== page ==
The Victorian Society has opened nominations for this years Top 10 Endangered Buildings campaign
The Victorian Society asks residents in England and Wales to nominate threatened Victorian buildings for their Top 10 Endangered Buildings of 2020 list.
This is a fantastic chance to get involved with the fight to save our heritage. To nominate a building simply email [email protected] with the year, location, and why the building deserves to be included in our campaign. Nominated buildings must be dated between 1837 and 1914, and situated in either England or Wales.
Have you noticed an abandoned and derelict Victorian building near you? Are you worried a beautiful Victorian building is going to be demolished? Nominate the building for a chance for it to be saved.
Our biggest push of the year to save the most at risk Victorian and Edwardian buildings is fast approaching. Our annual Top 10 Endangered Buildings campaign brings to the forefront the most dilapidated and neglected buildings around England and Wales that are in desperate need of public attention to be saved.
Griff Rhys-Jones, President of the Victorian Society states, ‘It is that time of year again. Time to assemble that list of beloved and imaginative buildings in need of our attention. The Top 10 Endangered Buildings List really matters. When a serious case of arson happened in Ipswich docks this year, one of the reasons that the story gained traction was because the Victorian Society had highlighted the parlous state of the Tolly Cobbold Brewery in their annual Top 10 List. In our Top 10 List last year, we saw the sheer extent of Victorian ingenuity and imagination, ranging from schools to tunnels. So please have a think and nominate buildings that need to be noticed. The Victorian legacy is still under threat and this is an opportunity to help the Society get well-deserved public support for its hard and unceasing work. We need your nominations.’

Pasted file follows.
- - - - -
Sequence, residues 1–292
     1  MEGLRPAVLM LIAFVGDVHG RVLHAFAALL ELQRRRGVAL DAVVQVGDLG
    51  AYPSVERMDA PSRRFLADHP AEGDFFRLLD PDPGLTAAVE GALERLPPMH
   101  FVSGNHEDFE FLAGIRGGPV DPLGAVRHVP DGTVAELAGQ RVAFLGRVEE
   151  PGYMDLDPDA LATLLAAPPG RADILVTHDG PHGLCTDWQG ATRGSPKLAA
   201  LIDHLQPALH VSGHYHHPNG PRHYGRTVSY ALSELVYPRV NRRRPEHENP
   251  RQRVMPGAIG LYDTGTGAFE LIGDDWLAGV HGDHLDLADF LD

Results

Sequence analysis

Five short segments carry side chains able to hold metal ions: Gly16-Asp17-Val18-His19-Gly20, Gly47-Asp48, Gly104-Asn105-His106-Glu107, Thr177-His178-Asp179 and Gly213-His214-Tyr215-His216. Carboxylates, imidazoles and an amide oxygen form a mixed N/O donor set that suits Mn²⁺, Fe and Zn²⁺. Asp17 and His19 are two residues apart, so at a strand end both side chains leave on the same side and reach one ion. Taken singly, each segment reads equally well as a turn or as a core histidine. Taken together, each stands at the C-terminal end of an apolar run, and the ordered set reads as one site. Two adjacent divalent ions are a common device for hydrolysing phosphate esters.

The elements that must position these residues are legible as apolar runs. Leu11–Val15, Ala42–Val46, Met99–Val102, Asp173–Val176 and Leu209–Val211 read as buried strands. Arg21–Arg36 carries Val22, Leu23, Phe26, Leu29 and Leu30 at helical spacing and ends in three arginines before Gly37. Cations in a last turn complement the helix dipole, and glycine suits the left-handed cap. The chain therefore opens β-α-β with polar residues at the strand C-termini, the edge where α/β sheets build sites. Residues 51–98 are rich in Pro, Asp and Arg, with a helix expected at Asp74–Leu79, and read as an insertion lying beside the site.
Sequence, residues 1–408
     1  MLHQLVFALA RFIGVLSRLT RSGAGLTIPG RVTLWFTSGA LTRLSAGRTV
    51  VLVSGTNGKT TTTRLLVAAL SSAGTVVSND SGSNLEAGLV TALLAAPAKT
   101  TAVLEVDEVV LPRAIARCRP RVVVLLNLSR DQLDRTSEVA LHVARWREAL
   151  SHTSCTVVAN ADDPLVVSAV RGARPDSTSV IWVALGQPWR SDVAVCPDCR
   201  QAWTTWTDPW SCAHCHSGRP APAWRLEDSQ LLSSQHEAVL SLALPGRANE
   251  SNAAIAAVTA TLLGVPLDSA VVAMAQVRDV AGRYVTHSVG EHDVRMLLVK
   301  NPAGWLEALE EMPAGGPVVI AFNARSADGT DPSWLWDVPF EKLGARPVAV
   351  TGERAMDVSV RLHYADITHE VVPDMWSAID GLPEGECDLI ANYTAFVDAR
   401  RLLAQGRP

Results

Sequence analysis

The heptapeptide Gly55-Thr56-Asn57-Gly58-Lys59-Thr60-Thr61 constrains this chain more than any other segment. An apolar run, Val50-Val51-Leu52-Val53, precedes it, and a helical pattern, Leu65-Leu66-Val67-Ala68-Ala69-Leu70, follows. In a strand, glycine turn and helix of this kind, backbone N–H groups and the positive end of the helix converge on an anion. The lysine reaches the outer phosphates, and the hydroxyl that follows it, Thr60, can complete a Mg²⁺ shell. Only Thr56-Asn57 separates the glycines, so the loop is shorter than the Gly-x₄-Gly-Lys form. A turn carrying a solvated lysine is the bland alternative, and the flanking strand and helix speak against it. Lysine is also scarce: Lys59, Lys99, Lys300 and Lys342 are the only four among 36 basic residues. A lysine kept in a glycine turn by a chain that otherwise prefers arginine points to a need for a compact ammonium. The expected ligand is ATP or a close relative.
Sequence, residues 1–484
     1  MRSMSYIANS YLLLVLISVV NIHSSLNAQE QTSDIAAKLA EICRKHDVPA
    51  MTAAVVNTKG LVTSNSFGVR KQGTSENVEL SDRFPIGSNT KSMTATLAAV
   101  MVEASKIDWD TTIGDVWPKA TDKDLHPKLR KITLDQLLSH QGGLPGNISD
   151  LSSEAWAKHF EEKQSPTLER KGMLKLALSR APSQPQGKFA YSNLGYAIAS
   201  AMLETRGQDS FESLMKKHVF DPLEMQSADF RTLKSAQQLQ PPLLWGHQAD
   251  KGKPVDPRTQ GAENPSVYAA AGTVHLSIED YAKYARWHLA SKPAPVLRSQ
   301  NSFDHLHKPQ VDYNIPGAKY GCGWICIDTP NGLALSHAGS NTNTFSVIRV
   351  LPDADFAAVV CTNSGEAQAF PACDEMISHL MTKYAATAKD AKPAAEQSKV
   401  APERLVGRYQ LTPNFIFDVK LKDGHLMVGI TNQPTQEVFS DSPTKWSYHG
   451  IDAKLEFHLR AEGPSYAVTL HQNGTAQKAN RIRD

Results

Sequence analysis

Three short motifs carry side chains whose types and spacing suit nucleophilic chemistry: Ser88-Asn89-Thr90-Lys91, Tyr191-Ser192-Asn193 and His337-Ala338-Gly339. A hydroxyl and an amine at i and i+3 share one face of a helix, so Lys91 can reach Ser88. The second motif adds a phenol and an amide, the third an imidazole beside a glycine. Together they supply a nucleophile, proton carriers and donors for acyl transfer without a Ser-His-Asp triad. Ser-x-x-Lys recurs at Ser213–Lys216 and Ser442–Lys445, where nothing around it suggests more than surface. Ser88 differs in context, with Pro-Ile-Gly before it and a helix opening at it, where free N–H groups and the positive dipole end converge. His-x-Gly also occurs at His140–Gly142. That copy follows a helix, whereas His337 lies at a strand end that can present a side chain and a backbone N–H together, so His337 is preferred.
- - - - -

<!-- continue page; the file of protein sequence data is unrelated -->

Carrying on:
The predominant aim of our campaign is to bring forgotten buildings into the public sphere. The Victorian Society harnesses the media coverage the campaign gains to highlight buildings that would otherwise lie forgotten and decaying, and utilise this publicity to try and alter their fate for the better.
2019 Top 10 update:
Hope for Cowbridge School in Wales
In a small town in south Wales stands a historic former school building that lies derelict and under threat from demolition. Cowbridge School, built in 1896, was one of ninety-four County Intermediate Schools designed to cater for children who had little or no prospect of education due to their social status or financial situation. A major breakthrough in the campaign to save the building took place in March 2020, when a petition to stop the demolition of the school gained over 5000 signatures - enough to trigger a debate, which will take place when the disruption caused by the coronavirus crisis subsides.
Fight to save Queensbury Tunnel in Yorkshire continues
The Queensbury Tunnel, built in 1874-78, is a disused railway tunnel in West Yorkshire. The now rapidly deteriorating tunnel symbolises the irreplaceable infrastructure legacy left to us by the Victorians. The tunnel is at the centre of a heated debate - campaigners argue for the tunnel to be restored into a cycle path, whereas the Department for Transport plans to fill in sections of the tunnel and leave it to collapse. The outlook for the tunnel now looks more positive. The planning application for abandonment has so far received over 6000 objections. Last month the Secretary of State for Transport stated he has taken “a personal interest” in the tunnel, explaining; “The plan and official advice was to fill it in but I have specifically prevented that from happening to come up with a better solution.” We hope this historic tunnel will be used to give new life to the communities it connects rather than being lost forever.
The publicity gained through this campaign helps to drive overall public interest in retaining and protecting the Victorian and Edwardian buildings that are all around us. If you know of a building that is at risk from demolition, neglect, or inappropriate development, nominating it for our campaign provides a tangible path to saving it.
Nominated buildings must be in England or Wales, and built between 1837 and 1914, and nominations must contain the building’s name/location, year it was built, brief description of its history and/or architecture, why you think it should be in the Top 10 i.e. the threat it is under, and at least one good photo.
The deadline for nominations is Friday 17th July. It is not a voting system – there is no benefit to a building being nominated more than once. The final Top 10 list will be announced on Tuesday 15th September.